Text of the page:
These were taken down at Texas Falls in the Green Mountain National Forest. I only had time for a quick potter today, but it's made me want a slightly longer expedition later in the trip. If possible, on the Long Trail. Watch this space.

Tuesday, 25 October 2016

Fall Foliage in Burlington, Vermont



I arrived in Burlington, Vermont on Thursday. We wanted to see the leaves changing colour, as it's meant to be spectacular over here, but we had been forewarned that we would be likely to miss it.

We were lucky this year though, fall has arrived later than normal. This was the scene in Battery Park at the weekend. Beautiful maples are decorating the floor everywhere we look, and some of the later trees are yet to turn. There are plenty of oaks that are still green in the hills.

So for now, I'm just exploring the city, and appreciating the subtle, and not so subtle differences between my expectations and Vermont in the flesh. I'm relieved to see, at least, that they really do have yellow school buses over here.

Sunday, 18 September 2016

Durdle Door, Dorset Adventures


The summer's almost over. I know, it's a terrible thought. My coastal adventure to Durdle Door was supposed to be an epic after work hike to somewhere or other. It ended up being a slump on the pebbles with a book.

I guess some adventures are more strenuous than others.

Friday, 15 July 2016

Scribbles in London


I've found a coffee shop to write in. I'm waiting for my brother to get across the city and find me, but in the meantime I have tea, a notebook and an open window to watch the comings and goings of Holborn.

I wanted to steer clear of public transport after arriving in London, so I followed Google Maps and found China Town and an astrology shop where the proprietor was telling the future of a customer's five year old. She's very gifted and will go on to do great things. I also managed to acquire some semi abusive birthday cards from a quirky bookshop, so apologies in advance if you're expecting a card any time soon...

Tuesday, 28 June 2016

Hiking in Dorset, Adventures from Wool


If I'm going to get anywhere near hiking the South West Coast Path I'm going to have to get prepared for it. So I planned, on a rare day off at home, to walk the coast of Portland. I'm going to have to work on my will power a little though as I woke to see torrential rain and abandoned the plan in favour of 'getting things done' at home. By two in the afternoon I was bored of that and the sun was out. The OS Map lying on top of my day pack caught my attention, and I decided a shorter walk was better than no walk at all. I would walk to Moreton and catch the train back to Wool. It was only about five miles.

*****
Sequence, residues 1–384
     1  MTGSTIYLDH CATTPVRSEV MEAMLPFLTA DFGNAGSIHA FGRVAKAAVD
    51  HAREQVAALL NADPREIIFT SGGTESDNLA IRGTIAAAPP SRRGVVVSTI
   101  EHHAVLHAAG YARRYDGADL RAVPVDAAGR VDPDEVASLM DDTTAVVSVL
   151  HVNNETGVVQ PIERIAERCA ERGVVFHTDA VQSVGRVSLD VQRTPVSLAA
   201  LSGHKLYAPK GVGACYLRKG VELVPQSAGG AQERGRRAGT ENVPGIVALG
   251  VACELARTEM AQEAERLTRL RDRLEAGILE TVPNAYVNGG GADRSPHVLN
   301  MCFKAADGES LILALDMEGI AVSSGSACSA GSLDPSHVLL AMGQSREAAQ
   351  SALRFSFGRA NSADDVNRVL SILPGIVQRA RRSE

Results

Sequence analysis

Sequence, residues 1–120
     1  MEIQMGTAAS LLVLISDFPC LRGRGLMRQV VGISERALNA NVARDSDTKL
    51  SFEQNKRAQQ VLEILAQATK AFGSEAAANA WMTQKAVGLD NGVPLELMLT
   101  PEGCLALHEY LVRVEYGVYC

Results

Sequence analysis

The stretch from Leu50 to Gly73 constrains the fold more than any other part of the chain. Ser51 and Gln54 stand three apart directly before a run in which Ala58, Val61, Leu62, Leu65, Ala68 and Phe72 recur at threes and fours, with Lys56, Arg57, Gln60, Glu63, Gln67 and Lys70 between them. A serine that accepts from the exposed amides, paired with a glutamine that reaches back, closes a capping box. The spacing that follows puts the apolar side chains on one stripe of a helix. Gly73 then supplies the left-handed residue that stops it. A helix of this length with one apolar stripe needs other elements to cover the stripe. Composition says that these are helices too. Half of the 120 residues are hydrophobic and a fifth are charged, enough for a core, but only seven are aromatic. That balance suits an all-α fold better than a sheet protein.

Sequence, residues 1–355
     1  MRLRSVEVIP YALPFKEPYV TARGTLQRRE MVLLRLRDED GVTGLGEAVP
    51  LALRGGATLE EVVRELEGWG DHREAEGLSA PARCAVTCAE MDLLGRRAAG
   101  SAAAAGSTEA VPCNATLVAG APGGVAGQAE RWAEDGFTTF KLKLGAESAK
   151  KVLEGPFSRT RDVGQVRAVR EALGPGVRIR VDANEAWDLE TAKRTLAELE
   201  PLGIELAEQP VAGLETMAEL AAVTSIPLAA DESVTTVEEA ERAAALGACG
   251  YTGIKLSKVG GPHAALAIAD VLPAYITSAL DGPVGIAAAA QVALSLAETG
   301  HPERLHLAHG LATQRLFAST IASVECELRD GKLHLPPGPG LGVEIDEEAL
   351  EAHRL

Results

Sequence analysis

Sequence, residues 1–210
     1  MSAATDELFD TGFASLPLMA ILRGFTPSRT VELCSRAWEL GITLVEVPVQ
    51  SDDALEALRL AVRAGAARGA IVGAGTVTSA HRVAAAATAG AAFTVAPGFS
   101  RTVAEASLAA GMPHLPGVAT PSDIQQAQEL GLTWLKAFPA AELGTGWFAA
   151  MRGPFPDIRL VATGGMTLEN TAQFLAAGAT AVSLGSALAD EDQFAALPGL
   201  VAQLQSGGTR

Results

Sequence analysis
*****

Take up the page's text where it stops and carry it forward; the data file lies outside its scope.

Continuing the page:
It felt good to be out of the house, pack on my back, going on a little adventure. I was so wrapped up in feeling smug that initially I didn't notice the flapping noise as I walked. It sounded like I had an enthusiastic sealion accompanying me, and no amount of pulling at straps made it go away. Strangely, it slowed down when I slowed down, and sped up when I sped up. With a sense of foreboding I looked down at my feet and simultaneously tripped over them. The sole was coming off of my boot. These boots have seen me through a year in the jungle, Silver and Gold Duke of Edinburgh expeditions and countless day trips and afternoon wanderings, so it was sad to see them beaten on East Burton Road, one of the least taxing places I've ever taken them. I flopped home in a grump and put on my spares.

Even more determined to finish (or even start) my walk, I now sped off on a mission. The first few footpaths can't see much use, as the wet vegetation soaked me almost to my waist as I made my way accross the water meadows in search of Bovington. Although it had been raining it was a beautiful afternoon to be walking, and until I reached Bovington I didn't see a soul, just a pair of coots splashing around in a stream.

Moreton Forest was also quiet, and I couldn't understand why nobody else was out enjoying the woods, until the path turned into a series of lakes and I figured the locals had more sense than I'd given them credit for. I was absolutely not turning back again, so I took on the gorse-ridden banks and made stepping stones out of logs. By the time the path returned to a usable route I thought I'd mastered the situation reasonably well. I had, after all, only fallen in twice.


"I wouldn't have gone that way. Got wet feet?" asked a bearded man who obviously didn't appreciate a good adventure. But yes, I did now have wet feet, but it wasn't far to Moreton now, and there was a pub by the station. By my calculations I should be there with plenty of time to get a drink before heading home.

It's a shame that people don't seem to use pubs anymore. I can only assume that's why they have reduced opening hours in this part of the world. My little oasis was definitely closed on arrival, and there was no way I wanted to hang around for an hour at Moreton Station. the only thing at Moreton Station is a railway line and an abandoned digger. So I walked back using a different route. It was five miles and I hadn't had the privilege of a good, cold drink to spur me on. I'd already finished the emergency Dolly Mixtures (about half an hour into my journey). Things didn't look great.

The Jubilee Trail took me most of the way home, but wasn't the most welcoming route. Some charming neighbour has stuck up KEEP OUT signs which are written in a way that suggests impending doom will occur if you stray from the trail. The woods themselves were totally deserted apart from two 4x4 drivers trying to justify owning a vehicle built for off-roading that seemed as shocked as I was to meet on the trail.

I arrived home soggy and exhausted, went straight for the kettle and realised with dismay that I had exactly 34 minutes before I had to be at Air Cadets. But I had managed to fit in a ten mile walk on my day off, so there was no way they were going to be moaning to me about the prospect of an expedition this evening.